An investment firm in Troy, Michigan is the latest victim of a massive Business Email Compromise scam that stole nearly half a million dollars after one of the company’s employees was fooled into transferring the money to a Hong Kong bank account.
Troy’s police department received the report from Pomeroy Investment Corporation on April 18, which involved one of the firm’s employees wiring $495,000 to a bank in Hong Kong after receiving an email request that purportedly came from a co-worker.
“Previously, it was typical for company employees to communicate by email and to make transfers of funds—even overseas,” Troy Police Sgt. Meghan Lehman told The Detroit News. “But in this case, someone hacked the account of the sender requesting the funds.” It was only eight days after the transaction that the company determined the email as fake and realized they had been scammed.
Pomeroy Investment Corp. is just one of a rising number of companies that have been victims of business email comprise (BEC) schemes. Last February, The Scoular Company, a commodities trader based in Omaha, Nebraska, lost $17.2 million when one of its executives wired the money in installments to a bank in China after receiving emails instructing him to do so. Even companies such as Snapchat, Seagate and Mansueto Ventures fell to similar, targeted scams that exposed their employees’ payroll and tax information.
In one of their announcements, the FBI has observed an alarming 270% increase in reported losses and victims of BEC scams since January 2015. The agency also reported receiving complaints from 17,642 victims from October 2013 to February 2016, costing businesses $2.4 billion in losses.
BEC is a sophisticated scam that targets employees, executives and businesses known to engage with foreign companies and perform wire transfers regularly. It is carried out by compromising email accounts through social engineering or other intrusion techniques to conduct unauthorized fund transfers. In cases like Pomeroy’s, the scams succeeded because they combined elements to create urgency and legitimacy: they seemingly came from a trusted source and email domain, and sent to the logical recipients. They were even carefully designed to fool the recipient into believing that it came from a known sender—usually a CEO, high-level executive or manager.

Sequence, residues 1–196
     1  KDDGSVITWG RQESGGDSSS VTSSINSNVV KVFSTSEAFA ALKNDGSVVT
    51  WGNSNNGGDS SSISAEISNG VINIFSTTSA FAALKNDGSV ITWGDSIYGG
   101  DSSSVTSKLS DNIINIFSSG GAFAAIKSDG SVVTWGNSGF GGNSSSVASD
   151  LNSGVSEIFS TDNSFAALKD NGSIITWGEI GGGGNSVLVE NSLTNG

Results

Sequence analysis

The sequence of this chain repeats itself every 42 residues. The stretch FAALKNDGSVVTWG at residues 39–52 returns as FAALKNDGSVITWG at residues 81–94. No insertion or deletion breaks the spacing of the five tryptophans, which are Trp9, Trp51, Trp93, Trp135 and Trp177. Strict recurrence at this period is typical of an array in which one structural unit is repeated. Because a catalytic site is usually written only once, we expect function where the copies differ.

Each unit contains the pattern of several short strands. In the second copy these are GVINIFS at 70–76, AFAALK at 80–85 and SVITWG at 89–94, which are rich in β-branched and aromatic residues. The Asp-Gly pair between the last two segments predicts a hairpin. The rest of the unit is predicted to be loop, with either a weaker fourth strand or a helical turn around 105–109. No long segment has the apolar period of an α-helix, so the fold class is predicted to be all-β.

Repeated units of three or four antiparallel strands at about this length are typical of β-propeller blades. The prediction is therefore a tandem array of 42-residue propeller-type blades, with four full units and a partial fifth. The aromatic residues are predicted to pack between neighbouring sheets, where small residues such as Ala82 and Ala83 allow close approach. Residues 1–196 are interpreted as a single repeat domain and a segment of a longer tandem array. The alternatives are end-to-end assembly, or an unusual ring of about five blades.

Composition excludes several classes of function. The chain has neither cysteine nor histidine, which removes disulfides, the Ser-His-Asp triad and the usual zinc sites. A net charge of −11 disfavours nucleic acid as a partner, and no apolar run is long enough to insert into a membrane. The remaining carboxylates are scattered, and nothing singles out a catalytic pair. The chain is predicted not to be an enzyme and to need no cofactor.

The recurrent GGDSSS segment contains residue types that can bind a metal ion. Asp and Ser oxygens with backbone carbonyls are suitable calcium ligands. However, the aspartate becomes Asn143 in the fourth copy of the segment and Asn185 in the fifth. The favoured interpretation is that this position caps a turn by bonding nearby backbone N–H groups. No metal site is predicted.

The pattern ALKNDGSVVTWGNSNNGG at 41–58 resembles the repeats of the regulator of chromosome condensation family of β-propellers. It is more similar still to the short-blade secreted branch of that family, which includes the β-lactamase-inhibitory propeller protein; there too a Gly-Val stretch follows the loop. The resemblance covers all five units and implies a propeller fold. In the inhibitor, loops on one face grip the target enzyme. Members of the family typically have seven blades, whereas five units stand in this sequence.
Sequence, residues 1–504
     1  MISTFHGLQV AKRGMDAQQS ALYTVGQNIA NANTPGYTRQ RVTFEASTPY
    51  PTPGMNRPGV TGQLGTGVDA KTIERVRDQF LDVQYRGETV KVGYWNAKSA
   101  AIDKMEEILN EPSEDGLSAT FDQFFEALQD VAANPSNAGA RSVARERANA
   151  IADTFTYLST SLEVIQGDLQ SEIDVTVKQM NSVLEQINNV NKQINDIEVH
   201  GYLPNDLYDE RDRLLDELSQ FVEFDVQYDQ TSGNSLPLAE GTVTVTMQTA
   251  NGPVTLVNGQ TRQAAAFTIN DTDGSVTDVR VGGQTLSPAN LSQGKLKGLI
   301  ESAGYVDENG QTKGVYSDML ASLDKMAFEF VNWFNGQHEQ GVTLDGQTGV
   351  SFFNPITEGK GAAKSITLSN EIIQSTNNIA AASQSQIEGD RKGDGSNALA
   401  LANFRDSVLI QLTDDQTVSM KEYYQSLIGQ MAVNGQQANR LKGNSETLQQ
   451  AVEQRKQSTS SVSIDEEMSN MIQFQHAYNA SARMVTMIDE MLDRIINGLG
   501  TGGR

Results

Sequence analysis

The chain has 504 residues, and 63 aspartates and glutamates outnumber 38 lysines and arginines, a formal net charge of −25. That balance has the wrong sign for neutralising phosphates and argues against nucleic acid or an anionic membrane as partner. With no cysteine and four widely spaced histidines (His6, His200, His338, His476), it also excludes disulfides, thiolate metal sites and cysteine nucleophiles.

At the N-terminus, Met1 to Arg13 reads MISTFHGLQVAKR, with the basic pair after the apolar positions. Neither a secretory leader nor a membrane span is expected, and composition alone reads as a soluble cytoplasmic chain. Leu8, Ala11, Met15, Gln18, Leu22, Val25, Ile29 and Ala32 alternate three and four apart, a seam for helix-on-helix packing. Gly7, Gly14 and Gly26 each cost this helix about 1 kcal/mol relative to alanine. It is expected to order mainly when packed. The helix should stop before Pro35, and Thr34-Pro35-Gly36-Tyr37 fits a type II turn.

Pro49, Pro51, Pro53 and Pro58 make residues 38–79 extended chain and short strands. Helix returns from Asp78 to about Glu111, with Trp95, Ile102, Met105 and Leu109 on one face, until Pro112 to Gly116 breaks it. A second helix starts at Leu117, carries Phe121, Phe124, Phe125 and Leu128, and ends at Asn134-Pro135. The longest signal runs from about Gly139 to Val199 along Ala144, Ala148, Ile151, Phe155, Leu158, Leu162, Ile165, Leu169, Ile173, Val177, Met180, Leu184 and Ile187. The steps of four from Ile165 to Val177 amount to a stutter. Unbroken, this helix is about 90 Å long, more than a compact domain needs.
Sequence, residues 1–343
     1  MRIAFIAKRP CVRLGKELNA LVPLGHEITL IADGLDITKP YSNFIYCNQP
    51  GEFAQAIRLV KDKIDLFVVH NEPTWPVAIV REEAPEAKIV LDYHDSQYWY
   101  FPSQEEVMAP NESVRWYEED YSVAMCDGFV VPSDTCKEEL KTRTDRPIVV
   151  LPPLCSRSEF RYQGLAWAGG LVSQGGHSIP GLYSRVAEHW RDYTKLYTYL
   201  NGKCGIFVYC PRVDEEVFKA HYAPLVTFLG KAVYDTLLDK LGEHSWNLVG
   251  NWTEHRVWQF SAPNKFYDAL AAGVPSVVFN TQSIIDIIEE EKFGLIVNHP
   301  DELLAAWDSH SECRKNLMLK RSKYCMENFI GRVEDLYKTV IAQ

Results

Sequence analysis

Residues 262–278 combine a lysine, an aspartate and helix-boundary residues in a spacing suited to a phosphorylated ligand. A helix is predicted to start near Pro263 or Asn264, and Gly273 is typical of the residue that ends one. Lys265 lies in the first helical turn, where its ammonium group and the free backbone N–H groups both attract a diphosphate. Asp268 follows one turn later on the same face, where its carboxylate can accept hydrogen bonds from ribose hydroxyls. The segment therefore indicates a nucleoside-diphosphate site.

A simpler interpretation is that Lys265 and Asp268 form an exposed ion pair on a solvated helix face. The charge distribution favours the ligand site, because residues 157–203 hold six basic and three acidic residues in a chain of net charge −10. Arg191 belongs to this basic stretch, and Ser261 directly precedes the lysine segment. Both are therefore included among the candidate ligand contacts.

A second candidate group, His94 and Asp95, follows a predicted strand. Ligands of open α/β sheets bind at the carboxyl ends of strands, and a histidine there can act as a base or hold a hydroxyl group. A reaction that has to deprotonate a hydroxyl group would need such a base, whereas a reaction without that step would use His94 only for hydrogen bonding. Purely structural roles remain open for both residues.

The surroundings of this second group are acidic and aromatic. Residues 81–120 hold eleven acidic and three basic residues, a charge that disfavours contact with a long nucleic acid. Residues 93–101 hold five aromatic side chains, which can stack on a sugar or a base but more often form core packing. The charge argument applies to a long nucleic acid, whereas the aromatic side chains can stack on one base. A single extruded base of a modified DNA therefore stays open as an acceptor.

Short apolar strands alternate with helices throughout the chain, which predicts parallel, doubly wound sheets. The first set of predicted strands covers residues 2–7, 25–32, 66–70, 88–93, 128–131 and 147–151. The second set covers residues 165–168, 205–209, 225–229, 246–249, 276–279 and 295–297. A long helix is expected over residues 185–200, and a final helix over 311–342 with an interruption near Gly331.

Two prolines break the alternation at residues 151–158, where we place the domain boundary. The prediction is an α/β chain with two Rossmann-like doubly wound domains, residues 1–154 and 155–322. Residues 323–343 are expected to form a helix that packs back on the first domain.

The FBI’s advisory on these schemes is for businesses to create detection systems that can flag emails with domain names and extensions similar to the company’s. Adopting two-factor authentication and establishing communication channels to verify significant transactions is recommended. Businesses are also advised to exercise restraint when publishing employee activity online, such as on company website or social media, as the scammers can use these to get more information for their attacks.
Trend Micro products can help defend medium and large enterprises from these types of threats. The InterScan Messaging Security Virtual Appliance with enhanced social engineering attack protection defends against socially-engineered emails. BEC-related emails are blocked by the endpoint and email security capabilities of the Trend Micro Smart Protection Suites and Network Defense solutions.
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